tales from the psych ward

I’ve been away for a while, and I do apologize if my absence didn’t go unnoticed. I’ve been in for a tune up.

The past couple months have had me on a tailspin. I’ve had two breakups, one hundred and two breakdowns, one deceased childhood cat and about fifty switches on whether or not I should leave my job and that lead to one hell of a mind riddled with suicidal ideation. So I went in.

This past year has been the most traumatic of my life. Even as I type this now I am lacking the words to describe exactly how much of an impact this year made on my psyche. But standing in my bathroom, unsure whether or not I would ever come out, I STILL decided to live. Despite everything in my head telling me to die, I got myself to the hospital and advocated and told emergency doctors that no, I could not just go back home and that yes, I would wait in emergency for a bed. For three or four days, yes, thats fine. No, I was sure I couldn’t go back home. Thanks.

I stayed. And I landed myself in the Crisis Stabilization Unit. Which is a short stay psych ward because they didn’t think I was warranted to stay in long term, which was kind of a kick straight to the part of my mind that STILL romanticizes mental health, but I get it. Truthfully, I don’t think they could help me in a long term psych ward anyways. People are in long term psych wards to wait and get a diagnosis, or to wait and test out how new medications will be. I didn’t need either of those things. I am certain of my diagnosis, and I didn’t have a problem with my medications. Or rather, I did, because I was still sitting in a psych ward, but there wasn’t much to change about anything.

Which began to beg the questions I still have lingering in my head; what can anyone do for me? Because Crisis Stabilization Unit gave me a bed, a nurse, and a lot of reading on DBT subject matter that I’ve already read before, but other than that, I was still myself. I was still wondering what to do and not getting very many answers. But who has the answers? Who has the magical solution to the ‘should I kill myself or not’ question? Not these nurses, not my mom.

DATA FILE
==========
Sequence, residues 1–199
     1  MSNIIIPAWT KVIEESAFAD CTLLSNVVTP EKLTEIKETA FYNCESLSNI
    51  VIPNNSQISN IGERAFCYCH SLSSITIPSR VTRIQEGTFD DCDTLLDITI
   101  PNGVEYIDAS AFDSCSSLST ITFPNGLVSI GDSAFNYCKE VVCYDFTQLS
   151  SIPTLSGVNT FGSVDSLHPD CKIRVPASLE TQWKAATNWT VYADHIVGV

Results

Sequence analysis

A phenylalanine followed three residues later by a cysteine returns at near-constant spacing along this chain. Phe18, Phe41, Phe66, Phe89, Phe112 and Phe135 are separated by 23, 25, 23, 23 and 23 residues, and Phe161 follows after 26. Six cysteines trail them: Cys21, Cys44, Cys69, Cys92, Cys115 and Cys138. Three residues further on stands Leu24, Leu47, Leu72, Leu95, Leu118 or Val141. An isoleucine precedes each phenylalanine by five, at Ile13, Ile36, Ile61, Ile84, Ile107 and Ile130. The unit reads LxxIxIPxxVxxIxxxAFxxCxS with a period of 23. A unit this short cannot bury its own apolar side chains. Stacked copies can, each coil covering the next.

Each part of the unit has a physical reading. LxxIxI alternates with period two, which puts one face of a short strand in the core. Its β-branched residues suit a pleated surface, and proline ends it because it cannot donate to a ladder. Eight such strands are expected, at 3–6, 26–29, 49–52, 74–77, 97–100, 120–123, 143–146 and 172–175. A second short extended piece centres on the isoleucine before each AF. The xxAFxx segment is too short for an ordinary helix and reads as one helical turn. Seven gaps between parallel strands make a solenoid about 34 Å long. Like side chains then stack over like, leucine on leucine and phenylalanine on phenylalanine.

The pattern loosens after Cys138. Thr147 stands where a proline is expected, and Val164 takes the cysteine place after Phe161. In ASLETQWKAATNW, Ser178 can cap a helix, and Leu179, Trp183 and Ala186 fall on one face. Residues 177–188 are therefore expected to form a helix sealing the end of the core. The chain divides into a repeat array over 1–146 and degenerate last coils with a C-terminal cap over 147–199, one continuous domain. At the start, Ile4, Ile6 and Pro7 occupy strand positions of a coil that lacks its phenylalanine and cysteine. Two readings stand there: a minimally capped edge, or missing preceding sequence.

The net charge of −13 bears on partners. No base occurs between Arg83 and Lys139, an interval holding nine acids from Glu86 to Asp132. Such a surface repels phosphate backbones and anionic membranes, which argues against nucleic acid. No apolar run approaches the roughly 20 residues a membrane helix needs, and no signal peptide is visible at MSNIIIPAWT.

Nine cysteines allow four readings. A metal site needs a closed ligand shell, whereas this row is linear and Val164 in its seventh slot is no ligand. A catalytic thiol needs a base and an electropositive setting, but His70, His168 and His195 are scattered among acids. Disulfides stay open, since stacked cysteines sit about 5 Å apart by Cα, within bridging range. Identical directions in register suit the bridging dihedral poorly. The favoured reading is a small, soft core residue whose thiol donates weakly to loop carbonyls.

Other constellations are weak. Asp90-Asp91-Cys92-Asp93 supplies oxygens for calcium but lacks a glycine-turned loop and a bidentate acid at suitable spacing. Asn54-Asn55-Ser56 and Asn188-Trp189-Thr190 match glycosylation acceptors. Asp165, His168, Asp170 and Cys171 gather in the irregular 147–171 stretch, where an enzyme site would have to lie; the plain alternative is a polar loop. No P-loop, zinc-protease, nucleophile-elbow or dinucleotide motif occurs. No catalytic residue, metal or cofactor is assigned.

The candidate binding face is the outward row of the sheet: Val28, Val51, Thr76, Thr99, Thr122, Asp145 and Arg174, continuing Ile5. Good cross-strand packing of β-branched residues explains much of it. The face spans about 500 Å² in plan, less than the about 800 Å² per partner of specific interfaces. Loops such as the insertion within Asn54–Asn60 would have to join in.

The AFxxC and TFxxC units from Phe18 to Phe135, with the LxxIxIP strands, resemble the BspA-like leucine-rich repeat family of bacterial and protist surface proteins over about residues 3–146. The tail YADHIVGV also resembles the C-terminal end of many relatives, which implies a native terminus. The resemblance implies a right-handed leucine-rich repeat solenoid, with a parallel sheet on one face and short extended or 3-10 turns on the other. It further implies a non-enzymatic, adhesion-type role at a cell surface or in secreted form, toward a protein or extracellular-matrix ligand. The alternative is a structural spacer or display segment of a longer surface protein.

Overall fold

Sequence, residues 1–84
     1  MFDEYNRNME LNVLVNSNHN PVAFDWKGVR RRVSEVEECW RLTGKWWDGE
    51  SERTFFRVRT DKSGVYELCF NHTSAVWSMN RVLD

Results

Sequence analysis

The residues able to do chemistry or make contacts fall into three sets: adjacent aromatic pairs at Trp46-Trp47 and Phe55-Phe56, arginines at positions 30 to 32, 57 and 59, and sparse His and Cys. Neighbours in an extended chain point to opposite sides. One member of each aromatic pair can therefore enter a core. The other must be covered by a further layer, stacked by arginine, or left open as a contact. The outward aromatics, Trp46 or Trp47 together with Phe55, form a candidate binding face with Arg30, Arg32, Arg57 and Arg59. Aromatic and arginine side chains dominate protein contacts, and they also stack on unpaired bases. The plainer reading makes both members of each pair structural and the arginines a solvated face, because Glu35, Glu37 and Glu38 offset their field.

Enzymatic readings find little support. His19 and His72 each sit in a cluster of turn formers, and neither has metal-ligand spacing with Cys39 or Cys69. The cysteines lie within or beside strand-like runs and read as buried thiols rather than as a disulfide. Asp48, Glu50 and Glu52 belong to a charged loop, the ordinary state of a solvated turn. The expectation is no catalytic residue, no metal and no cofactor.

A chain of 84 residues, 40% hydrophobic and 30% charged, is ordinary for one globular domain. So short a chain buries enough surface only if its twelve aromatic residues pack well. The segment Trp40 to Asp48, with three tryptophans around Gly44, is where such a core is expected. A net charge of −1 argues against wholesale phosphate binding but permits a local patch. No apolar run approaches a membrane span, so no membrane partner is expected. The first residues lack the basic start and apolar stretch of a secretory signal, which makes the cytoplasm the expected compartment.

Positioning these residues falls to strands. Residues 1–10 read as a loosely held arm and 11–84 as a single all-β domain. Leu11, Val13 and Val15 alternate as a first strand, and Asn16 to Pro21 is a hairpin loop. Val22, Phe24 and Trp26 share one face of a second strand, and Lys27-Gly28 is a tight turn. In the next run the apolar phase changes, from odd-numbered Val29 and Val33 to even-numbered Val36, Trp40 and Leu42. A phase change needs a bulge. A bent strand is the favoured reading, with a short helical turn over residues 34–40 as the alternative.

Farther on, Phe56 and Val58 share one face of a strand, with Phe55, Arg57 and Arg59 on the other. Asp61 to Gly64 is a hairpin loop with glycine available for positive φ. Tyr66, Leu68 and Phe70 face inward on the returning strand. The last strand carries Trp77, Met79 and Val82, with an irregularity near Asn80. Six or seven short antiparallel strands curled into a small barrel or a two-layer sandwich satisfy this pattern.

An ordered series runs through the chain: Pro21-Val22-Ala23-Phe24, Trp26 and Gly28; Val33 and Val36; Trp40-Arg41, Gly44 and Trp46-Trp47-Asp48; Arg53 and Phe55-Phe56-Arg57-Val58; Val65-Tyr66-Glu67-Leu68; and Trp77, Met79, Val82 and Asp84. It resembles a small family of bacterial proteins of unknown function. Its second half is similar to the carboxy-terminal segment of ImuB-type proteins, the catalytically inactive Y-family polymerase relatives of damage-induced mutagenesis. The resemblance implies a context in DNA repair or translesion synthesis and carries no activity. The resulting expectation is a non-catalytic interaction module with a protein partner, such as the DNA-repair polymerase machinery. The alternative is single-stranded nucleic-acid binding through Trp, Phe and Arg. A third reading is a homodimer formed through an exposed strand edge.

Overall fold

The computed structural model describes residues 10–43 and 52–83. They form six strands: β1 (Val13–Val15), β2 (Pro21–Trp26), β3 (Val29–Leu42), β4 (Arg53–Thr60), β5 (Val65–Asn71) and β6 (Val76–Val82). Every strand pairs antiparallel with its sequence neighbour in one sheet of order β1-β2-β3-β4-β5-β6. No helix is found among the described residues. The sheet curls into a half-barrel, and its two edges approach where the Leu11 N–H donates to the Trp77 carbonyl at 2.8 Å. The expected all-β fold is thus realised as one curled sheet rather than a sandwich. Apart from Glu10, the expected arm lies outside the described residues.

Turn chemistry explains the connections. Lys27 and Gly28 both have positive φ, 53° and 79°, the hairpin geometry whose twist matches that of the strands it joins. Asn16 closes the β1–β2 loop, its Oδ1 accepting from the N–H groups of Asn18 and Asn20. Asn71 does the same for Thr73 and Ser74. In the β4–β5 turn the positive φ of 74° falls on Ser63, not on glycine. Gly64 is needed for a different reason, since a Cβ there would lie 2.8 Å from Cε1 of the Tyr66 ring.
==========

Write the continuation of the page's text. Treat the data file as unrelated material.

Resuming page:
I was talking to one nurse at the very end of my stay, saying how nervous I was to leave psych and he suggested that maybe a psych ward was an illusion and that the only difference between psych and the real world was isolation, a nurse, and emergency medication. That other than those things, the real world and psych were the exact same. And I’m still thinking about that, a week later.

Is it an illusion? If so, why do we go? Maybe the isolation part is more important than we realize, because the nurses and the emergency medication presence doesn’t seem like a big deal. But the isolation, the taking away of the external stressors does seem like a key component to optimal health. More often than not, I’ve thought ‘if I could just take a break, I’d be better’. And it makes me wonder how many other people, neurotypical or not, feel the same way?

I think I wrote this post for me. To sum up how I felt about psych, a question I’ve been dodging since I got out. But the summary is this; I don’t think the psych ward presented me with the transformative change I was waiting for, but I don’t see it as a waste of time. I think it gave me the intervention I’ve been talking about, the complete removal from my day-to-day life, and that acted as a small life saver. It also inspires me to find that isolation piece in my ‘real’ life. How can I create a psych ward from a downtown apartment? If I can do that, and have a clear differentiation between the time spent ‘isolated’ and the time spent normally, would I then be able to retreat to my own little psych ward at any given time?

All questions to contemplate until the next breakdown.

I’ve missed you guys. Lemme know if you have any thoughts or feelings about this convoluted ramble.


2 thoughts on “tales from the psych ward”

  1. Asia, Cousin Julie here! I think you are on to something. That is that folks struggling with mental health issues sometimes need a break from their lives. They are tired and need to rest. But in the real world of school and work, it’s not always possible or even considered realistic. We’re supposed to keep pushing through! The only way to get out of all of our responsibilities is to get sick and go to the hospital! I think keeping a less demanding schedule would help. Having an employer that allows breaks as needed would help. I hope you figure this out for yourself. I think some things needs to change to help folks be successful. Hope you’re doing better. Sounds like you are. ❤️


    1. thanks julie! I think those things would help greatly too. my boss currently lets me take breaks at work which is nice. I am doing better ❤ definitely less dire than before, but small steps!


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